# Neural Network Black Jack

For a final project in my Neural Networks course, my partner and I created a black jack game in C++ that uses a reinforcement learning neural network. The game has 3 players: the dealer, neural network 1, and either a human player or neural network 2.For those who don't know what Black Jack is, Blackjack (or Twenty-One) is a card game where the player attempts to beat the dealer by obtaining a sum of card values higher than the dealer's and equal to or less than 21. Each card has the same value as its index except for the ace (which can be counted as 1 or 11, as per the player's choice) and the face cards (which are counted as 10). At the beginning of the game, each player is dealt two cards, one face up and one face down. After looking at his first two cards, the player chooses to draw (hit) or to stop drawing cards (stand). The player may take as many hits as he wants as long as he doesn't bust, i.e., as long as the sum of card values in his hand does not exceed 21. Once all the players have finished their hands, the dealer shows his or her face-down card and draws cards until he/she has a total of 17 or above (the standard strategy in professional Blackjack).

In our implementation of the game, the dealer played based on a flat dealer rule. If the dealer has less than 17, the dealer hits. If the dealer has 17 or more, the dealer stands, unless a player has it beat, in which case the dealer hits. This flat rule served as our benchmark. Also, techniques such as "splitting pairs," "doubling down," etc. were removed for the sake of simplicity. Our goal was to utilize a neural network to play Black Jack, not create a complex Black Jack simulation.

The learning equation for our neural network was:

- Q(s,a) = Q(s,a) + α(r + γQ(s’, a’)-Q(s,a)) where
- γ is the discount size
- α is the learning rate
- s is the state
- s' is the next state
- a is the action
- a' is the next action
- and r is the reinforcement signal

To clear up any confusion with the equation (or possibly to confuse you even more), I'll take you through an example of our neural network learning. Our reinforcement signal will have one of three values: -1 if the NN busts, +1 if the NN wins, and 0 otherwise. Our learning rate α will be 0.1, and our discount size γ will be 0.9. Also, two terminal states were introduced: s=21 (Q=1) for a perfect score, and s=-1 (Q=-1) for a bust.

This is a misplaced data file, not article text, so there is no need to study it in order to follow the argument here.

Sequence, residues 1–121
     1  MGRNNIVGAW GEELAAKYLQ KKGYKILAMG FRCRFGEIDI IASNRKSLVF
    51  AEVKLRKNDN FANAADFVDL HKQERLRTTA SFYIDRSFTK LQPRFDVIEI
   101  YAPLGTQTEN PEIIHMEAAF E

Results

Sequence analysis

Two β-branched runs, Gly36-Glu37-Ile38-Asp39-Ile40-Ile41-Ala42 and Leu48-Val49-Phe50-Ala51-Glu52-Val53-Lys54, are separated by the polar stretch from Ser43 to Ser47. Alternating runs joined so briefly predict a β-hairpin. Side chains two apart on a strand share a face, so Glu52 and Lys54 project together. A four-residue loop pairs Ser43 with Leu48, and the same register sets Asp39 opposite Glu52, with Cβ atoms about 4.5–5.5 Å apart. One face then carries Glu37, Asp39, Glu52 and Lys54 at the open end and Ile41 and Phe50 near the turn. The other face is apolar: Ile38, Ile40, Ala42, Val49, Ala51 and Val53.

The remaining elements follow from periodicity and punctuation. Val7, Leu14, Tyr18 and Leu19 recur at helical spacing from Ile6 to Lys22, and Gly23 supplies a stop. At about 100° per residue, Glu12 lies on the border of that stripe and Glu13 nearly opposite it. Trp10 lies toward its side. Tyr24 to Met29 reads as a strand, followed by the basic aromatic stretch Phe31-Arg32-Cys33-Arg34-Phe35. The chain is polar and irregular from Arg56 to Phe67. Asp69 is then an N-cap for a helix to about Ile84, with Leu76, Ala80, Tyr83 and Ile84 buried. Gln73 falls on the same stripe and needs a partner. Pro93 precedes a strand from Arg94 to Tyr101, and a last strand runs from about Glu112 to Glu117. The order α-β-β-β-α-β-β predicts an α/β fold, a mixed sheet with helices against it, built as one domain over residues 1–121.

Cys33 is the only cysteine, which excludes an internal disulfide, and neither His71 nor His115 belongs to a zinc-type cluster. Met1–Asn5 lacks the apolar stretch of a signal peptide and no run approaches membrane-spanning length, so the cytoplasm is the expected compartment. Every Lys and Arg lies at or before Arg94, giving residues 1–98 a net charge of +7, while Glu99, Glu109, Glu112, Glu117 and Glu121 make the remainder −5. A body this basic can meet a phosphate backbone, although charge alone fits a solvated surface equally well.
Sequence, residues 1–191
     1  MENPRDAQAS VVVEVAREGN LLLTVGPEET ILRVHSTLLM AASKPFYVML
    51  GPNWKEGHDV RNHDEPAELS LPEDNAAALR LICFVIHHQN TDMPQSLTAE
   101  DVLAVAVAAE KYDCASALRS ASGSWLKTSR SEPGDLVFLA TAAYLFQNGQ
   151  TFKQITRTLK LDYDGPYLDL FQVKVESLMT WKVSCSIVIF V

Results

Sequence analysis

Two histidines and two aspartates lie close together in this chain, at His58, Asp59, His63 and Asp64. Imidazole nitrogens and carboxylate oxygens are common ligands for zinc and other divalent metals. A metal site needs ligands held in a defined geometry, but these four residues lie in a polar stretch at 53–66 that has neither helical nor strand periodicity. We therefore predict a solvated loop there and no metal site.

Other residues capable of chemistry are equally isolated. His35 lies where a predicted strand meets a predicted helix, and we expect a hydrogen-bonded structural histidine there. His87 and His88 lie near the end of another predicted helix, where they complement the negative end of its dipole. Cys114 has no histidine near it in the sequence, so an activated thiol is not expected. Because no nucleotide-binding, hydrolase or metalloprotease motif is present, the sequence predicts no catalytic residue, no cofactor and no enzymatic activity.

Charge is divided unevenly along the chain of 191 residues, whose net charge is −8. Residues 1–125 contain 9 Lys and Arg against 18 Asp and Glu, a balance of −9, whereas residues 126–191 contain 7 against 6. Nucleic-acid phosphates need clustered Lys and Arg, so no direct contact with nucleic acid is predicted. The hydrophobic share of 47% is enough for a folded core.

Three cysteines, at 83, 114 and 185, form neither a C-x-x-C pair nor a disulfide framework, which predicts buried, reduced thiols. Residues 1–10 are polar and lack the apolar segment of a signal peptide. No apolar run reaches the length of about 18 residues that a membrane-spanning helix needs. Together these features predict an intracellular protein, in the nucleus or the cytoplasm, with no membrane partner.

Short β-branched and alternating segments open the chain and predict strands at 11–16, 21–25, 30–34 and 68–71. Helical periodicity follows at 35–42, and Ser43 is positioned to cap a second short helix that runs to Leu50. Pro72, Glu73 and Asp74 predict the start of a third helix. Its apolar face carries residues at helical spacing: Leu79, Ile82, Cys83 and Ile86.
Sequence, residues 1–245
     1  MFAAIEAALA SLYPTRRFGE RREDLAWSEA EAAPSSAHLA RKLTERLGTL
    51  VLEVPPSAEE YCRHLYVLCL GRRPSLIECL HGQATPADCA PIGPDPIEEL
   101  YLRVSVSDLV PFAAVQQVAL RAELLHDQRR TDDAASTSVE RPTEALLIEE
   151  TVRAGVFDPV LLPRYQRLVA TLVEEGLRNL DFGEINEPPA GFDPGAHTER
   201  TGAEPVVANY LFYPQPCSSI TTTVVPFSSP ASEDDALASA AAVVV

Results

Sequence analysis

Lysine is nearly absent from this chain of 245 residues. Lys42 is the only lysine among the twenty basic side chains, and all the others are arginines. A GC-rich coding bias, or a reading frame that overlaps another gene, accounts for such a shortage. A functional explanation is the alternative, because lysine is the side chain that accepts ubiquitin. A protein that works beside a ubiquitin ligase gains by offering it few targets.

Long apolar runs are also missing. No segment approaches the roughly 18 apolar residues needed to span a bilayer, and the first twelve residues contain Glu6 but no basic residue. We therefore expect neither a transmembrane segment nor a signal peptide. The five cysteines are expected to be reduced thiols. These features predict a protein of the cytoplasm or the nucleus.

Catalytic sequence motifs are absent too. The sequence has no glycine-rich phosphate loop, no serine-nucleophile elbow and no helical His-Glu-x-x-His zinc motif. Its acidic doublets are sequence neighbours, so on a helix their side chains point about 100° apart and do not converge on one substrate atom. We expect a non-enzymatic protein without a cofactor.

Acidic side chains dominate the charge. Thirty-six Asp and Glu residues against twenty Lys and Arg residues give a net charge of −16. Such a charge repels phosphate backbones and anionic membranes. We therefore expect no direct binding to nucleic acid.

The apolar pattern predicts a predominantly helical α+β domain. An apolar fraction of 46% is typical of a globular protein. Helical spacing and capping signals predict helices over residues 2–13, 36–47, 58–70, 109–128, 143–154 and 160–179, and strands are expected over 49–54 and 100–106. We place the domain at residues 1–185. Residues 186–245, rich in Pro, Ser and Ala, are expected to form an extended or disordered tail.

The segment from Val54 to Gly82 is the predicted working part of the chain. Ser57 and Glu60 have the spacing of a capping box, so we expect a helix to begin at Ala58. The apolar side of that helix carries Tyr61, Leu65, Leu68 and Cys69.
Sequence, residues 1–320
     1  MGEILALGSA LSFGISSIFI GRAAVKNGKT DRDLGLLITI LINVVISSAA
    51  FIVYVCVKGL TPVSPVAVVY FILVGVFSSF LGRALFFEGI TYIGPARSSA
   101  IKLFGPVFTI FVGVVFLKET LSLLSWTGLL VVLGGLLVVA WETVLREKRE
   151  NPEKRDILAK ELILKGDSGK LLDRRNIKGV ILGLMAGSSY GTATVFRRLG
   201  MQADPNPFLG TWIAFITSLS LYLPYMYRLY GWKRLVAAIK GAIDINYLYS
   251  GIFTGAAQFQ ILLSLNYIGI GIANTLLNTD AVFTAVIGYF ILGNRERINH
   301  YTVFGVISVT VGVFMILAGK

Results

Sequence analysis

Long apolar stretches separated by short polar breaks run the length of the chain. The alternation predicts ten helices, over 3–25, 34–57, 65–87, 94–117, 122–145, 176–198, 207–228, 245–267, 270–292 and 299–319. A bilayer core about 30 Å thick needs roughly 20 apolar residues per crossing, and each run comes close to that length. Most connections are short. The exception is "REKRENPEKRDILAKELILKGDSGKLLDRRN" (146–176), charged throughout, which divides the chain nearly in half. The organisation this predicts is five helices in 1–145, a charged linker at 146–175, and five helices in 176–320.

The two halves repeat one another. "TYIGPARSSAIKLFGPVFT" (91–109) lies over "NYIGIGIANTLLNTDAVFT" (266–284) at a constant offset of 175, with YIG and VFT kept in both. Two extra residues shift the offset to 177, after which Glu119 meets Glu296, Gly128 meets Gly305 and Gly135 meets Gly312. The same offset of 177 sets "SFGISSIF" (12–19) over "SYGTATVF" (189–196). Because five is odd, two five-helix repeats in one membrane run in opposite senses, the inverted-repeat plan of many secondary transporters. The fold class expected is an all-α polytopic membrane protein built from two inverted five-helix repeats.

- Say the NN is initially dealt a 9 and a 4. The initial state of the system corresponds to the values at hand, so s=13.
- The NN chooses an action according to the highest Q value. For example, if Q(13,hit) equals -0.3 and Q(13,stand) equals -0.5, the NN takes action 'hit.'
- The NN receives a new card and modifies its state. Say it received an ace, its state would now be 14 (s=14).
- The state-action value Q(13,hit) now needs to be updated according to the learning equation: Q(13,hit)=Q(13,hit)+0.1(r+0.9(Q(s',a'))-Q(13,hit)). This requires the selection of a next action. The NN chooses the next action as it did before, by determining the highest Q value between Q(14,hit) and q(14,stand). Assuming the next action is 'hit,' Q(13,hit) is updated using the estimate of the reward of the next state action Q(14,hit). If Q(14,hit) equals -0.4, Q(13,hit) is updated as follows:
- Q(13,hit) = -0.3+0.1(0+(0.9*-0.4)-(-0.3)) = -0.306

- The NN decided to hit, so say it receives a 2 as the next card. The NN modifies its state to s=16.
- Similar to step 4, the system updates Q(14,hit) as a function of Q(16,a'), where a' is the action chosen from state s=16. Say Q(16,hit) is larger than Q(16,stand), thus the NN decides to hit.
- Say the NN receives a 10 as its new card, which results in a bust. The NN falls in the terminal state (s=-1), and updates Q(16,hit) as follows (assuming Q(16,hit) was previously -0.45):
- Q(16,hit) = -0.45+0.1(-1+(0.9*-1)-(-0.45)) = -0.595

### NN Black Jack Files:

- Presentation - the final presentation that we gave to the class. Most of our information was either stated verbally or demonstrated, therefore, this presentation does not contain much info.
- Game(Self Extracting Archive) - Install and see how well you fare against our neural network!